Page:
blumoo (blu_moo) wrote in ebsq,

Yet another word of the day

In addition to Merriam-Webster, The Oxford English Dictionary generously provides me with a word from their vast collection on a daily basis. I wish that I had known of it when we were getting ready for  "More Than Birth: Matriarchs And Mothering". It's rather long, but worth it.
Oh and please notice that there are more links so go and check them out.

beldam, -dame


({sm}b{ope}ld{schwa}m)  Forms: 5-9 beldame, 7 belldame, 5- beldam. [Not a direct adoption of the F. belle dame ‘fair lady,’ but formed upon dam, earlier dame, in its Eng. sense of ‘mother,’ with bel- employed to express relationship, as in belsire, belfader: see BEL B. For the transference to a more remote ancestor see also BELSIRE; for the extension to old woman, etc., cf. gaffer, gammer, goody, grandame, granny.] 

    {dag}1. A father or mother's mother, a grandmother. Also fig. Obs.

c1440 Promp. Parv. 29 Beldam [v.r. beldame], faders and moders modyr, bothe. 1483 Cath. Angl. 27 Beldame, auia. c1483 CAXTON Bk. Trav. in Promp. Parv. 29 note, Recommaunde me to your bel-fadre, and to your bel dame, à vostre tayon et à vostre taye. 1530 PALSGR. 179/2 Beldame, meregrant. c1550 PAYNELL tr. Vives' Duty Husb. (T.) The mother, the beldame, the aunt, the sister, the cosyn. 1593 SHAKES. Lucr. 953 To shew the beldame daughters of her daughter. 1613 DRAYTON Polyolb. vi. (T.) The beldam and the girl, the grandsire and the boy. 1628 MILTON Vac. Exerc. 46 When beldam Nature in her cradle was

    {dag}b. A great-grandmother, or still more remote ancestress; by Plot used for a woman who has lived to see five generations of female descendants.

1679 PLOT Staffordsh. (1686) 322 She lived to be a Beldam, that is to see the sixt generation. 1863 CHAMBERS Bk. of Days I. 306 At the same rate she might have been beldam at sixty six.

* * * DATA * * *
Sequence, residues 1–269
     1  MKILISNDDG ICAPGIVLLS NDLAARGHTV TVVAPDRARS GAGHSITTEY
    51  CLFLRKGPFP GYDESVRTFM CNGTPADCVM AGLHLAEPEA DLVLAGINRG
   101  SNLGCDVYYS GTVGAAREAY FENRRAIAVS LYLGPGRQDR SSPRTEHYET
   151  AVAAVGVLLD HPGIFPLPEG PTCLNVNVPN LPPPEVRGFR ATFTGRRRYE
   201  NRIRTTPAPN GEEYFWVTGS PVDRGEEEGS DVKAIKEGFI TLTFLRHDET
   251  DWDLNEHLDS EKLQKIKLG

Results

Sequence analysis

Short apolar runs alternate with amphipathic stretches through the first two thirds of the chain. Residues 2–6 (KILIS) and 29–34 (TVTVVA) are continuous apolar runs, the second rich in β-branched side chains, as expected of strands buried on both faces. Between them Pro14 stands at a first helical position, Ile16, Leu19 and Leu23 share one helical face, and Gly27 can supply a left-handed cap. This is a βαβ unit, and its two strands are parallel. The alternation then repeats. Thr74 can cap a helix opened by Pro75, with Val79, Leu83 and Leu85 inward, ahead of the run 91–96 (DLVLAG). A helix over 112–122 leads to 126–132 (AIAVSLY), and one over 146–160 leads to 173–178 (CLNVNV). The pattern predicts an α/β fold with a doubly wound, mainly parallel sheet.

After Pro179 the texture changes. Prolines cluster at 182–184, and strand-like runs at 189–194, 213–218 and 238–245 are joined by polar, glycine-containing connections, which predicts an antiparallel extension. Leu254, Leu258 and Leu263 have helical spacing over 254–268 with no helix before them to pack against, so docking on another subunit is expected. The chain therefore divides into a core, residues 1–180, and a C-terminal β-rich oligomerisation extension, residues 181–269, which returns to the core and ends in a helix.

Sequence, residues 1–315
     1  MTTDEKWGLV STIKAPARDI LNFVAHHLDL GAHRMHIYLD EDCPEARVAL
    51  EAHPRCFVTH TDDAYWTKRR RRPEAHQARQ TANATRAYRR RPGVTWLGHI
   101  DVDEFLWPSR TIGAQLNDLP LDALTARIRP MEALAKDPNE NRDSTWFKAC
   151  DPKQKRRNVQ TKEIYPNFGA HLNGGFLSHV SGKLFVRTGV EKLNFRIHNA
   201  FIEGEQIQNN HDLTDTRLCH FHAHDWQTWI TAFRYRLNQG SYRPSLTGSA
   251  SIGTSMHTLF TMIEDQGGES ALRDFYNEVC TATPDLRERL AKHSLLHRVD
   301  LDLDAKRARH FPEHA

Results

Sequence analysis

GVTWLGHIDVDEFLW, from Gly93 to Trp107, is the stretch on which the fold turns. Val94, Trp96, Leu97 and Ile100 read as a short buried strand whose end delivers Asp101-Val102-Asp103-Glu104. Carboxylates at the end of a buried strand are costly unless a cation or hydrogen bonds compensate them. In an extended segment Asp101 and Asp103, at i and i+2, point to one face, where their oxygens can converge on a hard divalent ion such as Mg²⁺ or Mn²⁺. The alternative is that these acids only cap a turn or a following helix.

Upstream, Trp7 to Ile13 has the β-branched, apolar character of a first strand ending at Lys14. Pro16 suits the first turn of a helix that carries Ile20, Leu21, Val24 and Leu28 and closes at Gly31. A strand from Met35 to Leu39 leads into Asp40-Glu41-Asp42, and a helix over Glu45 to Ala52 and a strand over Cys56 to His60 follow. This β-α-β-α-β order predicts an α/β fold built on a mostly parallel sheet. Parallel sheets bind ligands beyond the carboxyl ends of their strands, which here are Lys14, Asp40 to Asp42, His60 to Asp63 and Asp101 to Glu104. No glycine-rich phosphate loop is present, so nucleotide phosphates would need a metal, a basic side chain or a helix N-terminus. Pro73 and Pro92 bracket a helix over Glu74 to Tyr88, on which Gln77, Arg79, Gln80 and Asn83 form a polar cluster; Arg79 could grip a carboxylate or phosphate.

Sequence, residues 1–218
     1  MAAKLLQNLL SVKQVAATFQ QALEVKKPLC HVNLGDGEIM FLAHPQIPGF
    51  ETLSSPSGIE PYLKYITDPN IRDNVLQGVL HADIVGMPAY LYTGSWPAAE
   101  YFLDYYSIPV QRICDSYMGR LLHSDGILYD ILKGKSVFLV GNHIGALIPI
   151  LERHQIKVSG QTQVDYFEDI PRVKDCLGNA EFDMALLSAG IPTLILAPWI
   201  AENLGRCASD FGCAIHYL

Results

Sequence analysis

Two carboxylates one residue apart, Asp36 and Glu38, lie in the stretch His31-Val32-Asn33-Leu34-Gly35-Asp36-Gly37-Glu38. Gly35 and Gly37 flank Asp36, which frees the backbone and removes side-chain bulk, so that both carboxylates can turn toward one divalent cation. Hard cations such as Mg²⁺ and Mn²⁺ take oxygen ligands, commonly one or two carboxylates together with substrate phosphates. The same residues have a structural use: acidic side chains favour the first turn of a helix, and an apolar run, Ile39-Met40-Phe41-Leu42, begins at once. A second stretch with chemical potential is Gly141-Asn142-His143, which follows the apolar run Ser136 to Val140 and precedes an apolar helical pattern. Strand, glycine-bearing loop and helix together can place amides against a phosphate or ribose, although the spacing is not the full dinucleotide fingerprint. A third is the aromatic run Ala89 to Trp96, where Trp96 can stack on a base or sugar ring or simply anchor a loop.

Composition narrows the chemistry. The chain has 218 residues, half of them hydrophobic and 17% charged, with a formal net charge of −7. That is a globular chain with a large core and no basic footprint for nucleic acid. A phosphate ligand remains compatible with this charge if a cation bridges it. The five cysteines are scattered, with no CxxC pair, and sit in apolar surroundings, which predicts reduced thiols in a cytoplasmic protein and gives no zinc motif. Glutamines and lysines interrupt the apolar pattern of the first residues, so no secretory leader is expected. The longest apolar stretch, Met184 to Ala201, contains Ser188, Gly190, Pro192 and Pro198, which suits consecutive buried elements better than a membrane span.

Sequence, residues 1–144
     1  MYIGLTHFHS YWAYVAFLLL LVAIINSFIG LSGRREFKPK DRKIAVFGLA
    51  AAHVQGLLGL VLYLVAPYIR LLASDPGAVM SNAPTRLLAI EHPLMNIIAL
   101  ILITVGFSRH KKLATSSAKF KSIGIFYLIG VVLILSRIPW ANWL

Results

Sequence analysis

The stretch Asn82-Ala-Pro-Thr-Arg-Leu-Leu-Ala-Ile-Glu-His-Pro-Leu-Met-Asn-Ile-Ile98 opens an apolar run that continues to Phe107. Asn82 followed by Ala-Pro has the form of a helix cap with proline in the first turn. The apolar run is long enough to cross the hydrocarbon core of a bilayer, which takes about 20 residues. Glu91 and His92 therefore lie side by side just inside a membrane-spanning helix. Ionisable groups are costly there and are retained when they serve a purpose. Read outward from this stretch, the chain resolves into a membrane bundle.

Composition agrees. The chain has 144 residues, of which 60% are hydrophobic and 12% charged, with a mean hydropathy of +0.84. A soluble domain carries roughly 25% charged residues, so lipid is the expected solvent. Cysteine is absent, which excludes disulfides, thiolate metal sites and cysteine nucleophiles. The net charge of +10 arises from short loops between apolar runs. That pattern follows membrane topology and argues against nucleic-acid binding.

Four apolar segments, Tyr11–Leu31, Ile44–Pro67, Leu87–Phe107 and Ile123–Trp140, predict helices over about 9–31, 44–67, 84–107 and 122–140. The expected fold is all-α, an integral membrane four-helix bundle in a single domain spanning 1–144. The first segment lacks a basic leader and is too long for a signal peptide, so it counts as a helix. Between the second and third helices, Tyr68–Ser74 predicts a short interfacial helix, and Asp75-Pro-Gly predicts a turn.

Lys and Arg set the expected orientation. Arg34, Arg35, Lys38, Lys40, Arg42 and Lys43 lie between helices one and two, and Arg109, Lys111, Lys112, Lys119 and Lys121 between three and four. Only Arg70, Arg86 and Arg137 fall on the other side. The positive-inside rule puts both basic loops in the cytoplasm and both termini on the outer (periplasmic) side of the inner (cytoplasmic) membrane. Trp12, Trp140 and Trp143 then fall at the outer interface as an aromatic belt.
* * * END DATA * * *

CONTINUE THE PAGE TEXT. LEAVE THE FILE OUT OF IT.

2. An aged woman, a matron of advanced years. (In 16th c. used in addressing nurses.)

1580 GIFFORD Gilloflowers (1875) 98 And thus..This aged beldam speakes. 1596 SPENSER F.Q. III. ii. 43 [To ‘her aged nourse’] ‘Beldame, your words doe worke me litle ease.’ 1598 DRAYTON Heroic. Ep. xix. 15 Here is no Beldam Nurse, to powt nor lowre. 1709 STEELE Tatler No. 83 {page}2, I am neither Childish-young, nor Beldam-old. 1752 FOOTE Taste I. i, This superannuated Beldame gapes for Flattery. 1768 BEATTIE Minstr. I. xliii, Her legend when the Beldame 'gan impart. 1821 BYRON Sardan. I. ii. (1868) 352 That blood-loving beldame, My martial grandam. 1856 LONGFELLOW Blind Girl I. 122 The beldame, wrinkled and gray takes the young bride by the hand.

    3. esp. with depreciative sense: A loathsome old woman, a hag; a witch; a furious raging woman (without the notion of age), a virago.

a1586 SIDNEY Arcadia (1613) 10 A beldame..accused for a witch. 1608 R. JOHNSON Sev. Champions 212 Come all you witches, beldames, and Fortunetellers. a1641 BP. R. MONTAGU Acts & Mon. (1642) 177 Tarquinius taking her to be some frantick Beldame. 1706 ADDISON Rosamond I. iii, Fly from my passion, Baldame, fly! 1822 SCOTT Nigel xxxv, That accursed beldam whom she caused to work upon me. 1857 F. LOCKER Lond. Lyrics (1862) 100 The beldams shriek, the caldron bubbles.
Tags: beldam, ebsq, matriarch, mirriam-webster, mother, oed, shows, word of the day

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